© 2018 GWEN DEWAR, PH.D., ALL RIGHTS RESERVED
June 23, 2018
For a child — especially a very young child — being torn away from the parent you love is an unfathomable nightmare. And for thousands of children, the nightmare hasn’t ended.
We will never be able to compensate these families for what they have suffered. But we can stand up and do the needful.
We must move heaven and earth to reunite these families as soon as possible. And make sure this never happens again.
As you’ve probably heard, some families have crossed the U.S. border illegally in order to request asylum. And on April 6th, the Trump Administration announced a new, “zero tolerance” policy: Every adult is immediately prosecuted, with the consequence that children are separated from their parents.
On June 20th, in response to public outrage, President Trump signaled his intention to stop separating families in the future.
But don’t be misled. Regardless of what new policies the U.S. government may adopt, nothing has changed for thousands of immigrant children separated from their parents before June 20, 2018.
These children — some of them infants and toddlers — are still in custody, isolated from the most important people in their lives. They don’t know where their parents are. They don’t know when they will see their parents again.
And because the government has done such a poor job preparing for this inhumane, destructive policy, it isn’t even clear that every family will be reunited.
Some parents are being deported — forced to return to their home countries — while the U.S. government continues to hold their young children.
How is this possible?
Lost in the system
Although both children and adults are issued with identification numbers, parents aren’t given the information they will need to find their children later. It appears the government never set up a general system for linking together family records. Nor did the government establish any protocols for eventually reuniting children with their parents.
So once the government split up families, it has been difficult for even the government to keep track. When parents are released from Immigration and Customs Enforcement (ICE), they learn that their children are still being held by another agency, the Office of Refugee Resettlement in the Department of Health and Human Services.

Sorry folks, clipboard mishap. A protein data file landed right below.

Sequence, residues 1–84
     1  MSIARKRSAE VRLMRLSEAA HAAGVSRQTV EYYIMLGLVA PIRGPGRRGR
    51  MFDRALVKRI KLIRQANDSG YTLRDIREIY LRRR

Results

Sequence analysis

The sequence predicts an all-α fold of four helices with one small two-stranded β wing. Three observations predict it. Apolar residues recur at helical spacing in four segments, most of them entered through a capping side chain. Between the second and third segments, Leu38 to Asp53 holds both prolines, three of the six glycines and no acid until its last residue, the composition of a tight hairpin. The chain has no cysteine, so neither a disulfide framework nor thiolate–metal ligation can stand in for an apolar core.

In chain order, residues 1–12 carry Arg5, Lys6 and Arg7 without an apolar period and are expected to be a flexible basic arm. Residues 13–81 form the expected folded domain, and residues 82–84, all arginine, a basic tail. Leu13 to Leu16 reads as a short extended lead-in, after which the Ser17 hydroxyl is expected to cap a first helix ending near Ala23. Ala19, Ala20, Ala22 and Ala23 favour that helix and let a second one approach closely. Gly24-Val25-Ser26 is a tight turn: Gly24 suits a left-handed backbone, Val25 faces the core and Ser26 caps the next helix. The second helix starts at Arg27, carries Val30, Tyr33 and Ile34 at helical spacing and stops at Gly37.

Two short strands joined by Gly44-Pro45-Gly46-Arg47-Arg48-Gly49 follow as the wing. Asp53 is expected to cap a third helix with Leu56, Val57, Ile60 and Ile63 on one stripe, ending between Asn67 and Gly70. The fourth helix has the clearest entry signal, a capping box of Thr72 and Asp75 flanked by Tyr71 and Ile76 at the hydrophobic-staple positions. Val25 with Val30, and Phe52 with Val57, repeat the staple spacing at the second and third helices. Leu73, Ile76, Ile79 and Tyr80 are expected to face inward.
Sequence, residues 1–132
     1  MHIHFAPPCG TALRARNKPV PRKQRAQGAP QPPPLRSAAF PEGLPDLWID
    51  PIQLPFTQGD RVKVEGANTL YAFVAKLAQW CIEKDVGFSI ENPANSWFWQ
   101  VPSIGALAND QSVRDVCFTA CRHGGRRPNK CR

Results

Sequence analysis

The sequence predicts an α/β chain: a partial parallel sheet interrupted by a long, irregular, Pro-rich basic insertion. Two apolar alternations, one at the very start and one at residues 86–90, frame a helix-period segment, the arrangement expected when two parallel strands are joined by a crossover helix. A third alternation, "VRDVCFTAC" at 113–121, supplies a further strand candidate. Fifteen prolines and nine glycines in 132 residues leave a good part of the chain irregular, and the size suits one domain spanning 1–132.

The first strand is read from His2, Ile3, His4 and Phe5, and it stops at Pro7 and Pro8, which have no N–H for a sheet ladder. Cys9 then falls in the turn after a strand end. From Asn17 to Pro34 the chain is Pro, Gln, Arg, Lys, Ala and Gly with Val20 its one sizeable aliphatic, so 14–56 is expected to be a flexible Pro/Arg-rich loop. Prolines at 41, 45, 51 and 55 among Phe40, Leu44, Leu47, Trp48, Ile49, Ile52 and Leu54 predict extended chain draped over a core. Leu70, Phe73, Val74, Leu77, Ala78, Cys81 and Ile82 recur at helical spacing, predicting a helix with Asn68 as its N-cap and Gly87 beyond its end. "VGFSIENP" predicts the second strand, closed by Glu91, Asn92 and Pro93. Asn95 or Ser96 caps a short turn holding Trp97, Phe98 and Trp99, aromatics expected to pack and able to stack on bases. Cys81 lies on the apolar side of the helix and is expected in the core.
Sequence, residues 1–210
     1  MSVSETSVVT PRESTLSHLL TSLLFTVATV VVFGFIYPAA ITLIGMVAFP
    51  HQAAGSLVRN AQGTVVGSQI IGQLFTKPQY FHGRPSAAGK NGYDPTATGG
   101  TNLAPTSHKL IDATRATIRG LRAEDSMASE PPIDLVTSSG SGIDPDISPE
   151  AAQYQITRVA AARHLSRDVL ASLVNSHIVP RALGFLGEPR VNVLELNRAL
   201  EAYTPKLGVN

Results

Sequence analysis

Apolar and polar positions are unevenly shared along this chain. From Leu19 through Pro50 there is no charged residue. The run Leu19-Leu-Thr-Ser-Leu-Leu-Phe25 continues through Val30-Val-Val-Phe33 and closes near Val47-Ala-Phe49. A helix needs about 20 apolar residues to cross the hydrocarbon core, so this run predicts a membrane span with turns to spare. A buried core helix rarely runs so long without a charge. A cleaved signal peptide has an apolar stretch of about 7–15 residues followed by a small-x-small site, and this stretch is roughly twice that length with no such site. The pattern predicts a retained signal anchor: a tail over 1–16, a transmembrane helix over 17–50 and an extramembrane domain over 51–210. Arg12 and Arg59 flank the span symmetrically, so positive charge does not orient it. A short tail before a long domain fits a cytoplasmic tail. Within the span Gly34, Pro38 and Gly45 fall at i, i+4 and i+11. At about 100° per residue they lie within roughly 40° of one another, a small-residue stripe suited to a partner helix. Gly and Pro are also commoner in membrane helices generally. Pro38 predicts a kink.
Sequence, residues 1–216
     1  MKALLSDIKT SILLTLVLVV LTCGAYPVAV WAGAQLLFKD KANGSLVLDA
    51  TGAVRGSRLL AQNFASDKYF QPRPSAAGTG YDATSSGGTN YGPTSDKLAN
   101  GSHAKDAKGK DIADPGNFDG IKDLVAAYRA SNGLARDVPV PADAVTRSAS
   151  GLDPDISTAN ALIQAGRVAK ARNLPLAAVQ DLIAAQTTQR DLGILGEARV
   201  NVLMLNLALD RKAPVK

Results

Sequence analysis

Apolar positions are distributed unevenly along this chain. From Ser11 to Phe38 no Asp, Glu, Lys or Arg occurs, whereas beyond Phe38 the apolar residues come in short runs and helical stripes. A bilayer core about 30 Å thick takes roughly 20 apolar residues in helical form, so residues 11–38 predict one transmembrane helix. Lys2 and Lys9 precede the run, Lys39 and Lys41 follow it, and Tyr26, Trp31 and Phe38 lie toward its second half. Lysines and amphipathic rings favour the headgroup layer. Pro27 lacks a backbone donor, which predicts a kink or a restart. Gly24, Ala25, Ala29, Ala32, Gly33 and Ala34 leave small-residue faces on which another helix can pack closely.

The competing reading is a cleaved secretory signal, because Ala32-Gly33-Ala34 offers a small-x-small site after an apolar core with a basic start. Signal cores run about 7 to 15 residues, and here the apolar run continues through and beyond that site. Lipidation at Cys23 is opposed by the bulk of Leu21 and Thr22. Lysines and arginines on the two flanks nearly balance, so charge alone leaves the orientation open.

But where, exactly?
Some children have been moved multiple times, and parents can’t find them. Immigration agents don’t seem to know either, and have refused to answer questions, even in a court of law.
The court records are there for all to see, as Erik Hanshew, an assistant public defender in El Paso, notes in a column for the Washington Post. When a parent gets his or her hearing, it typically unfolds in the same way.
“I ask about the child; the government objects; the judge forces the agent to answer.”
And the answer is empty.
“Do you know the location of the child?”
The reply: “No or unknown.”
When ICE finishes with parents, the parents may face a terrifying prospect: Being forced to leave their children behind.
In one case profiled by the New York Times, a mother was forcibly deported — put on a plane back to Guatemala — while the US government continued to detain her 8-year-old son.
We must not allow this to continue. These children need our advocacy and help. We need to keep putting pressure on politicians to get these families reunited fast.
Whatever your views on immigration — and reasonable people may take a variety of positions on the subject — you can’t find it morally acceptable to inflict such a cruel punishment on innocent children.
And there is no doubt that this is cruel. For a child — especially a very young child — being torn away from the parent you love is an unfathomable nightmare.
Observers, including opens in a new windowDr. Colleen Kraft, president of the American Pediatrics Association, have reported heart-wrenching scenes of toddlers, inconsolable and disturbed.
Desperate for their parents, young children in this situation need more than the standard care offered by a daycare center. Yet there are reports of children receiving far less.
The staff at one detention center told Dr. Kraft that it was against the rules to try to soothe children by touching or holding them.